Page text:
Verses 10-21 Paul gives a just account of himself, which clears him from crime, and likewise shows the true reason of the violence against him. Let us never be driven from any good way by its having an ill name. It is very comfortable, in worshipping God, to look to him as the God of our fathers, and to set up no other rule of faith or practice but the Scriptures. This shows there will be a resurrection to a final judgment. Prophets and their doctrines were to be tried by their fruits. Paul's aim was to have a conscience void of offence. His care and endeavour was to abstain from many things, and to abound in the exercises of religion at all times; both towards God. and towards man. If blamed for being more earnest in the things of God than our neighbours, what is our reply? Do we shrink from the accusation? How many in the world would rather be accused of any weakness, nay, even of wickedness, than of an earnest, fervent feeling of love to the Lord Jesus Christ, and of devotedness to his service! Can such think that He will confess them when he comes in his glory, and before the angels of God? If there is any sight pleasing to the God of our salvation, and a sight at which the angels rejoice, it is, to behold a devoted follower of the Lord, here upon earth, acknowledging that he is guilty, if it be a crime, of loving the Lord who died for him, with all his heart, and soul, and mind, and strength. And that he will not in silence see God's word despised, or hear his name profaned; he will rather risk the ridicule and the hatred of the world, than one frown from that gracious Being whose love is better than life.

Verses 22-27 The apostle reasoned concerning the nature and obligations of righteousness, temperance, and of a judgment to come; thus showing the oppressive judge and his profligate mistress, their need of repentance, forgiveness, and of the grace of the gospel. Justice respects our conduct in life, particularly in reference to others; temperance, the state and government of our souls, in reference to God. He who does not exercise himself in these, has neither the form nor the power of godliness, and must be overwhelmed with the Divine wrath in the day of God's appearing. A prospect of the judgment to come, is enough to make the stoutest heart to tremble. Felix trembled, but that was all. Many are startled by the word of God, who are not changed by it. Many fear the consequences of sin, yet continue in the love and practice of sin. In the affairs of our souls, delays are dangerous. Felix put off this matter to a more convenient season, but we do not find that the more convenient season ever came. Behold now is the accepted time; hear the voice of the Lord to-day. He was in haste to turn from hearing the truth. Was any business more urgent than for him to reform his conduct, or more important than the salvation of his soul! Sinners often start up like a man roused from his sleep by a loud noise, but soon sink again into their usual drowsiness. Be not deceived by occasional appearances of religion in ourselves or in others. Above all, let us not trifle with the word of God. Do we expect that as we advance in life our hearts will grow softer, or that the influence of the world will decline? Are we not at this moment in danger of being lost for ever? Now is the day of salvation; tomorrow may be too late.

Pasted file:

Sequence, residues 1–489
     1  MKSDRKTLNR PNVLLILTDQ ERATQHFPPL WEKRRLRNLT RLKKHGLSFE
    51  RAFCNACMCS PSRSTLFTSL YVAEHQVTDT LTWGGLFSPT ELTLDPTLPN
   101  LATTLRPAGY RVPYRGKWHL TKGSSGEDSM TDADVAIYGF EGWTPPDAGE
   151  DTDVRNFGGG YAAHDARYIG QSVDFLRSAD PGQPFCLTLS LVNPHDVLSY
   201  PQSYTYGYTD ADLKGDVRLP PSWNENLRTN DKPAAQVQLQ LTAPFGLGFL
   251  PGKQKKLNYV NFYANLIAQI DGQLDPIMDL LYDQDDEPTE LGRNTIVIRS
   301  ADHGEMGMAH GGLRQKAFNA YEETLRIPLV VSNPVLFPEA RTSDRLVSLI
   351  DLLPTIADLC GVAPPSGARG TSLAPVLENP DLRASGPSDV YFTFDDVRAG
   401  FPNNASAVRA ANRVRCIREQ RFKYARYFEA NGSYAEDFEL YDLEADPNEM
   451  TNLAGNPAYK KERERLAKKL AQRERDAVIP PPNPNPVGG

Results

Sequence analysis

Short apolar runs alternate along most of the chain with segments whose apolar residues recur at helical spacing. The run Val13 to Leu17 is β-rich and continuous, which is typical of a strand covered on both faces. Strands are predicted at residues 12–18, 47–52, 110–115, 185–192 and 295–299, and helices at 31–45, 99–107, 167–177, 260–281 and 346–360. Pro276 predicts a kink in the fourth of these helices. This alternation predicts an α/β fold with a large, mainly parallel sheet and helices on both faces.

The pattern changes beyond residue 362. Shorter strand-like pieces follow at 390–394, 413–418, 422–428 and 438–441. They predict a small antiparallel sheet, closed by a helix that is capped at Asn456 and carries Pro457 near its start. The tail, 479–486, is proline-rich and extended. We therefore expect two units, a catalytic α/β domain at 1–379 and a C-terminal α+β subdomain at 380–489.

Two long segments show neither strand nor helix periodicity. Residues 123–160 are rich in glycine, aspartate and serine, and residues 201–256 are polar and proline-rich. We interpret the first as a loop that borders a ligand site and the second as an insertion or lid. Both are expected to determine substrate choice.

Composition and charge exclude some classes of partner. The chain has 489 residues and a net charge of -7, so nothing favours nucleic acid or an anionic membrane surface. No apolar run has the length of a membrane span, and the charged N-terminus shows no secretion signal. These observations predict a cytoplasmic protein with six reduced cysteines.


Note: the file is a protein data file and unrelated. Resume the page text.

Footnotes 4

  • [a]. Greek some elders and an orator.
  • [b]. Some manuscripts add an expanded conclusion to verse 6, all of verse 7, and an additional phrase in verse 8: We would have judged him by our law, but Lysias, the commander of the garrison, came and violently took him away from us, commanding his accusers to come before you.
  • [c]. Greek Sanhedrin.
  • [d]. Greek a centurion.

Acts 24 Commentaries